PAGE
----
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Nolan Finley is editorial page editor at The Detroit News.
Democrats with presidential ambitions should be calculating how much longer they can defer to President Joe Biden.
The primaries are just one year away and already several Republicans are at various stages of organizing a 2024 campaign. Former President Donald Trump is formally in, of course, as is his United Nations ambassador, Nikki Haley. Florida Gov. Ron DeSantis, former Secretary of State Mike Pompeo, former Vice President Mike Pence, Michigan’s former congressman Mike Rogers and a dozen or so current or past GOP governors are teasing bids.
It’s clear Trump will have opposition from his own party in his quest to return to the White House.
But no Democrat has expressed a willingness to challenge Biden for the party’s nomination. This despite Biden being in the weakest position of any president since Jimmy Carter heading into a reelection bid.
Just 22 percent of all voters want Biden to run again, according to a recent AP/NORC poll. The really bad news for the president is only 37 percent of Democrats want him to seek a second term. His approval rating in the survey is a dismal 41 percent, with just 23 percent of respondents expressing confidence in his ability to manage the White House.
That reads like a giant opening for a Democrat willing to buck protocol and challenge a sitting president from his or her own party.
Last week’s State of the Union address was quietly cast as the kickoff of Biden’s reelection campaign. It was a miserable performance, void of inspiration and vision. He tested what is likely to be his 2024 theme — “Let’s finish the job” — but rather than project momentum toward a goal, it sounded more like an epithet for a presidency that couldn’t get the job done.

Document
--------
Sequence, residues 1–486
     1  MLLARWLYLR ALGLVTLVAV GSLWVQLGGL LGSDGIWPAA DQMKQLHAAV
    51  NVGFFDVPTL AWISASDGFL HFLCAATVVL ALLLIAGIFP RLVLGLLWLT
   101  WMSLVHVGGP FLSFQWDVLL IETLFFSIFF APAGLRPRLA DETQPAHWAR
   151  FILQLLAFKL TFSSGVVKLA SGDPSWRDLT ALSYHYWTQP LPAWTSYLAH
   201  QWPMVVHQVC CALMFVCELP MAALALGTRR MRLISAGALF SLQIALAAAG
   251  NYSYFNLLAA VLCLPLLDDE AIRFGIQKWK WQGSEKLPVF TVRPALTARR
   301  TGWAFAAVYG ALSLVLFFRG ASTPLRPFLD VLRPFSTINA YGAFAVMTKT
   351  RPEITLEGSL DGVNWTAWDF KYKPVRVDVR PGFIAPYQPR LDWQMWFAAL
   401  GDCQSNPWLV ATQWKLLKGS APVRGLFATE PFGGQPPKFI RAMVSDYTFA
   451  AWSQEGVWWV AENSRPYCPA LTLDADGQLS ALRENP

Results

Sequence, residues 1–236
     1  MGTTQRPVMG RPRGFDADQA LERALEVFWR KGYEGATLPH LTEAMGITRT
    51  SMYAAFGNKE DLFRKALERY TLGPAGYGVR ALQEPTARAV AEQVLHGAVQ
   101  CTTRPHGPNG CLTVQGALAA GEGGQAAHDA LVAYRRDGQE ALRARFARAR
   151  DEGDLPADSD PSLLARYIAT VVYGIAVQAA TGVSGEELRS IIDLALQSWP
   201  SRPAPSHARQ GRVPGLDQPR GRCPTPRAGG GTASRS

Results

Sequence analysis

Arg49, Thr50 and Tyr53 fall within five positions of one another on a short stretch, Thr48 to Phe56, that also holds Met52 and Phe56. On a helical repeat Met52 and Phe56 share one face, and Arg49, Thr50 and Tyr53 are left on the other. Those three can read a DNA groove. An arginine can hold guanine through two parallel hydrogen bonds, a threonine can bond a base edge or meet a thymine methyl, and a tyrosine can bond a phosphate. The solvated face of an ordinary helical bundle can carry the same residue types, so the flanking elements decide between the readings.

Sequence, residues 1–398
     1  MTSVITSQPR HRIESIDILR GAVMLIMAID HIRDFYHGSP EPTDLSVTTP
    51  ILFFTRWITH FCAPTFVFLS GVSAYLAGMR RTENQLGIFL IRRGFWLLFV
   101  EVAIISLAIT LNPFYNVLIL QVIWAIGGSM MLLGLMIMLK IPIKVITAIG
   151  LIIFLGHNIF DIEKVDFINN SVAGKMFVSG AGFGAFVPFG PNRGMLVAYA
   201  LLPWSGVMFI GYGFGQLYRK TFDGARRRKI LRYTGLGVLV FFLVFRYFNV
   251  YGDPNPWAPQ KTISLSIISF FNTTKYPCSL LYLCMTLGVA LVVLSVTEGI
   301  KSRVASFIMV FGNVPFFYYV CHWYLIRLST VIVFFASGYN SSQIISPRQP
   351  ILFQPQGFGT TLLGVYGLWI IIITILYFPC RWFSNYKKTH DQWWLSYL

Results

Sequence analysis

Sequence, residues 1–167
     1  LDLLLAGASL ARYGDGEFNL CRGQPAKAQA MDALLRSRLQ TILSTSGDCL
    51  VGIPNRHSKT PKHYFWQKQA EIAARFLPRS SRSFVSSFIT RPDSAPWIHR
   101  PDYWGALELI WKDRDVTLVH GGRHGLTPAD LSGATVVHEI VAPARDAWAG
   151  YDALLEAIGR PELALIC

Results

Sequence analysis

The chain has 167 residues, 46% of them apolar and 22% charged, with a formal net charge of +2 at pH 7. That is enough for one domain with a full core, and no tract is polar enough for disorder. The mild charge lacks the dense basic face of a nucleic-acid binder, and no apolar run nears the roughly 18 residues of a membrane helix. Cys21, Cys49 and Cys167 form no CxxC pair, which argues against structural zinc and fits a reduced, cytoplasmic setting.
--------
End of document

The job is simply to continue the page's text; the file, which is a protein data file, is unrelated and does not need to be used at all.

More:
Standing on that stage, he neither looked nor sounded like a president capable of leading the country into the future.
At this point in the cycle, nothing suggests the 80-year-old Biden, who fell into the presidency thanks to the abhorrence of Trump, can win next year. Even Trump is ahead of him by 3 percentage points nationally in an ABC/Washington Post poll of registered voters.
There must be some Democrat who smells Biden’s weakness and will dare take him on, as Bobby Kennedy and Eugene McCarthy did to a faltering Lyndon Johnson in 1968. Their vigorous opposition pushed LBJ out of the campaign.
Kennedy’s brother, Sen. Ted Kennedy, tried to do the same thing to Carter in 1980, but fell short.
This cycle is ripe for a similar scenario. It may be still too early for a Democrat to step out of the party line and announce a challenge to Biden. But not by much. Organizing and funding a presidential campaign is a massive undertaking. By summer, anyone — from either party — who intends to run should be running.
Presumably, potential hopefuls are waiting for Biden to come to terms with the reality that he’s not capable of winning a second term, or for a scandal to take him out of consideration.
If neither happens, Democrats will have to decide whether they’re willing to give away the White House out of deference to a very weak president.